We awoke the next morning with the sun already climbing high in the Alabama sky. The sent of the flower trees, honeysuckle, and pines was a welcomed trip down memory lane. Sophia had slept through the night after a little fussing and was still sleeping soundly. We had some of our things unpacked, we stayed in Alabama for five days, and were content to just enjoy the lazy southern morning. I went outside and found a black berry bush, the farm has hundreds of them all over the place, and sampled a few… they were delicious. I gathered another handful for Coco and just enjoyed the warmth and fresh air of the morning for a little while. On the farm the first thing you notice are the sounds. You can hear traffic, but you know it is a good 4 miles off. The assorted sounds of birds, insects, dogs barking, and people doing what every during the day filter through the woods giving only a hint as to which direction they originated.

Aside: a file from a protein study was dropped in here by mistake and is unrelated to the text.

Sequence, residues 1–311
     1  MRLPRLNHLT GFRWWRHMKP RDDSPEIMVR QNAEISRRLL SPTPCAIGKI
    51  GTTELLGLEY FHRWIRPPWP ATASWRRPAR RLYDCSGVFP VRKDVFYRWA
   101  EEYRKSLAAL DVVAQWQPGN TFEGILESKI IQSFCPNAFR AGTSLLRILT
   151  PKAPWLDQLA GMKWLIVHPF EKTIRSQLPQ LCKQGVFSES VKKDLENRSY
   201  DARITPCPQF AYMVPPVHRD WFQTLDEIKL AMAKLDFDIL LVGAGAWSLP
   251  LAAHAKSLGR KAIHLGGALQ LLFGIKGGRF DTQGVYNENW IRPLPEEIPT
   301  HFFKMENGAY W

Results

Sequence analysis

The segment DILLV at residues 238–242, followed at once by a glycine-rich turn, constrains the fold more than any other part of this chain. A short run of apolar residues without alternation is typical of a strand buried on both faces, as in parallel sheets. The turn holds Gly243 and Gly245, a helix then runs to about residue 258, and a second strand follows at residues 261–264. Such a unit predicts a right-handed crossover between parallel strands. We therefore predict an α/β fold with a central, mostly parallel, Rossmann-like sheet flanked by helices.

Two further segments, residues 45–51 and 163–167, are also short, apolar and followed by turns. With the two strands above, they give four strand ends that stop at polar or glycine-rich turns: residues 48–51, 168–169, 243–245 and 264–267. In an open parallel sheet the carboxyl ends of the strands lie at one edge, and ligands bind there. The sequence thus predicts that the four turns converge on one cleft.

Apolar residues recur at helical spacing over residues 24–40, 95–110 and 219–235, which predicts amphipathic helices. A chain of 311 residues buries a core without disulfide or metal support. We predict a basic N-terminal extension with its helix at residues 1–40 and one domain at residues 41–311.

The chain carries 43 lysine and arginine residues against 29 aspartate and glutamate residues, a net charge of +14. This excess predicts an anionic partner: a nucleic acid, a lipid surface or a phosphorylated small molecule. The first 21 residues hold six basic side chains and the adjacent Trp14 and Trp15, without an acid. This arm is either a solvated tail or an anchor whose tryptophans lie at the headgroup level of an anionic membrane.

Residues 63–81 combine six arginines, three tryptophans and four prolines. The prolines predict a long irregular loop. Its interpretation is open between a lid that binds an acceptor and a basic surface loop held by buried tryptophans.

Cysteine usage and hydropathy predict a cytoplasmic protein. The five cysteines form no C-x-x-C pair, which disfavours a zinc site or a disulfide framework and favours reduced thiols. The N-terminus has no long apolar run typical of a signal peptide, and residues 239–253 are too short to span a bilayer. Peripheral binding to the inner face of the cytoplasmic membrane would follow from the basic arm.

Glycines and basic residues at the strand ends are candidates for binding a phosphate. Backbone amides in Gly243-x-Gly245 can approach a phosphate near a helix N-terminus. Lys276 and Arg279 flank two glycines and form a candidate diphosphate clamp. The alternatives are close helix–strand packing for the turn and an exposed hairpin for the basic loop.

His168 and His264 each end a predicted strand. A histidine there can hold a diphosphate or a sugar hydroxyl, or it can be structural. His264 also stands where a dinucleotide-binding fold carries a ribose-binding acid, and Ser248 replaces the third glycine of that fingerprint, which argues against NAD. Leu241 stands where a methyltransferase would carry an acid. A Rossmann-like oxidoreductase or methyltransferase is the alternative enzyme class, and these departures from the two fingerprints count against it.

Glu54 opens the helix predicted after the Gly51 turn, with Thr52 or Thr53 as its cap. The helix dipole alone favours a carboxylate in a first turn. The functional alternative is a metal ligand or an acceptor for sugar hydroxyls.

I went back inside to deliver the berries to Coco and began getting things ready for breakfast. My mom had already started breakfast so I helped Coco with the baby and we went out for a quick survey of the front yard. Coco was amazed at the black berry bushes and was pretty happy to just pick the berries. After a few minutes we went back to enjoy a traditional southern breakfast of grits, bacon, eggs, milk and juice. We had already decided not to go overboard with the biscuits and gravely or two meats. After breakfast and cleaning up I took Coco around the farm. She loved the horses, they are a neighbors who leases the land for them. We went to almost all the pastures, there was one, the south pasture, we did not go into just due to time reasons. When we got to the pond Coco got to see a crane, some ducks, and of course the squirrels from the northern wood lot. The pond is still in bad shape, it is full of algae and turtles, and the drought of the season is evident in how low it was. We had a run in with one of the horses, a rodeo roping horse who decided to corral us for a bit before becoming bored with us.